Crisis Management Europe Eyes Anglo-Saxon Model with Envy
Should the European Central Bank follow the Anglo-Saxon model and buy up vast quantities of sovereign bonds in attempt to finally overcome the euro crisis? ECB head Mario Draghi is under pressure to act now. But what are his options?
Britain has it better. At least that's how it seems. The country's financial situation is improving, even though it was worse off than many euro-zone member states at the beginning of the financial crisis. It was more bloated, its financial sector was in bad shape and the country had one of the largest real estate bubbles and highest rates of private debt in the world.
But while large areas of the euro zone continue to be plagued by mass unemployment and stagnation, the United Kingdom now appears to be on the road to health. The year 2014 could even see economic growth of 3 percent. Furthermore, investment is growing and the real estate sector is making progress.
In 2008, the situation in the UK wasn't all that much different than that in Spain. Yet while the British are slowly leaving the crisis behind, the Spanish would be ecstatic if they could avoid further economic contraction this year.
What is the fundamental difference between the two countries? Spain has the euro. Britain has the Bank of England.
The European Central Bank and the Bank of England will both publicize their next steps on Thursday. Whereas the entire world will listen closely to hear how ECB head Mario Draghi intends to counter deflation risks and credit crunches in countries like Spain and Italy, his Bank of England counterpart Mark Carney will more likely be confronted with questions about when he intends to begin tightening monetary policy.
The US Federal Reserve's newly appointed chairwoman Janet Yellen is likely to be affirmed by the Senate on Monday, and has also indicated that she will begin scaling back the bank's crisis intervention programs immediately. It is the next step in the Anglo-Saxon strategy: That of pumping vast quantities of fresh liquidity into the market with concurrent currency devaluation as a way of softening the recession. And there are not a few, including the head economist for Deutsche Bank, who demand that the ECB must also finally begin buying unlimited quantities of sovereign bonds from struggling euro-zone member states.
The impatience is understandable. The longer the crisis continues, the more threatening it becomes. The differences in the credit markets of the common currency zone remain stark: Companies in Spain and Italy must pay interest rates that are almost double those paid by firms in Germany, if they are able to borrow money at all. Furthermore, the economic pain continues, along with all of the social and political consequences that result. When, in the sixth year of the crisis, all reform efforts, spending cuts and savings measures have still not generated reliable growth, isn't it time for the ECB to finally do all it can to kick-start the process?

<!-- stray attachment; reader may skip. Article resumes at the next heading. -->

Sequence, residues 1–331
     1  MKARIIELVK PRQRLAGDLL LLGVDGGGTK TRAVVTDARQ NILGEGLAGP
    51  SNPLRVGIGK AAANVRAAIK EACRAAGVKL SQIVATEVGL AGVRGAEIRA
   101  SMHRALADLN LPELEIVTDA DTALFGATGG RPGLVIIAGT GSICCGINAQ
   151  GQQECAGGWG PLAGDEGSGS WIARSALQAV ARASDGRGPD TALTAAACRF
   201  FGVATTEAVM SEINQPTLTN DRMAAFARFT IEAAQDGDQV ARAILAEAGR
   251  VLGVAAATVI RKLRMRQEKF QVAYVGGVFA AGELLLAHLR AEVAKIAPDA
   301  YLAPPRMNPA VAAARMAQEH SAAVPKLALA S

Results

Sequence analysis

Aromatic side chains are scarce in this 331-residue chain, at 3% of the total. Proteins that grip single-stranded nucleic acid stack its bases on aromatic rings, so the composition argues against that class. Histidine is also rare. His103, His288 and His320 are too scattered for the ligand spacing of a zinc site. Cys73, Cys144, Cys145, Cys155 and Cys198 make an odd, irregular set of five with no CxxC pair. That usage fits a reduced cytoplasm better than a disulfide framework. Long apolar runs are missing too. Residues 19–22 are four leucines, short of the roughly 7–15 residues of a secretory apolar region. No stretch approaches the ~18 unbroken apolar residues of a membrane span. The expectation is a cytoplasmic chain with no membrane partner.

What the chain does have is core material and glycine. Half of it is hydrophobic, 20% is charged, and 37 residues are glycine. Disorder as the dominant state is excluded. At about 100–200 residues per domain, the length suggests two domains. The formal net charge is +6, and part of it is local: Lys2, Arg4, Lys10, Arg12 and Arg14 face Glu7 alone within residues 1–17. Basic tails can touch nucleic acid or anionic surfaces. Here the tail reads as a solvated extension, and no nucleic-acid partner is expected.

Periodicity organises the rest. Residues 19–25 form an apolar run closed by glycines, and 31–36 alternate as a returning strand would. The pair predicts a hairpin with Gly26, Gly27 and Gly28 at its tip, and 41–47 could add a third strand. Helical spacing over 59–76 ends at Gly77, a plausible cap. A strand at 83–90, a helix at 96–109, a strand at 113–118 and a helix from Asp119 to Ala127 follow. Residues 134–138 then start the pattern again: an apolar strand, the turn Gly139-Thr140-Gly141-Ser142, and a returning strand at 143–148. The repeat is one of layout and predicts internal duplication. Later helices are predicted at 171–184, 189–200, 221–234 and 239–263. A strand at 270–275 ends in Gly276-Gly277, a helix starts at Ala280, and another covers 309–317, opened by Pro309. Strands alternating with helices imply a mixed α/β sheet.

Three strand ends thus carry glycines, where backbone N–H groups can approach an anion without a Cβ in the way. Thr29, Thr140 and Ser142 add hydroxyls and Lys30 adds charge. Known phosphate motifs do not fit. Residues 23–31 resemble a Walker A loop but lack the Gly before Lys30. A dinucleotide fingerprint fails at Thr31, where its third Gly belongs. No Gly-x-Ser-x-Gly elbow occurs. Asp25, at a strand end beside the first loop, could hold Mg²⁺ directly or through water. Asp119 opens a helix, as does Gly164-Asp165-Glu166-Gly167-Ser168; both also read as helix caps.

A glance across the Channel shows how the Bank of England acted to prop up the economy. In the course of the crisis, the bank tripled its balance sheet total, particularly because it purchased vast quantities of sovereign bonds, a process known in financial jargon as "quantitative easing." The strategy resulted in low long-term interest rates and a shot in the arm for financial markets. By comparison, the ECB doubled its balance sheet total, but its direct intervention in the sovereign bond market had less impressive results.
Draghi now has two options: Either he can once again pump huge quantities of money into European banks as the ECB did in the winter of 2011/2012, but this time with the condition that the money must be loaned to companies in need of financing. That, however, would be a significant intrusion into the business operation of the banks, which would be forced to take on additional risks. Or the ECB could buy sovereign bonds, thus sinking long-term interest rates, a move which would only work were the bank to focus on purchasing debt from those euro-zone states that are struggling the most.
But the ECB is apparently not allowed to take such a step. Legally, any systematic euro easing program would have to include all 18 euro-zone member states. Absurdly, that would mean that the ECB would be forced to buy primarily German bonds (in accordance with Germany's one-third share of the euro zone's gross domestic product) even though it is primarily Europe's southern states that need the help. The result would be that Germany's already extremely low interest rates would sink even further, the real estate bubble would grow even faster and it could even trigger inflation.
Draghi's ECB is facing a dilemma. It must prevent a disintegration of the currency union, but it has been left alone with this essentially political task by the governments in the euro zone.
The difference with Britain is glaring: The Bank of England serves Britain while the ECB serves the euro zone, an entity in name only, which is why there is no shared debt and no euro bonds that the ECB could buy up in the Anglo-Saxon manner.
The central banks clearly cannot solve the crisis on their own. At best, they can merely mitigate the symptoms. Furthermore, a more critical look at the economic data reveals that even the British economy is not particularly solid. The economy is hardly competitive, productivity is low and the trade balance is negative. And a new bubble is threatening its real estate market.
In Spain, on the other hand, harsh austerity is having an effect. To be sure, the country is still afflicted with a horrific unemployment rate of more than 25 percent. But reforms and belt-tightening measures have significantly improved Spain's competitiveness. Exports are on the rise and the country has a positive trade balance.
Spain should be able to reap the benefits of their exertions -- if the country's financial situation ultimately improves.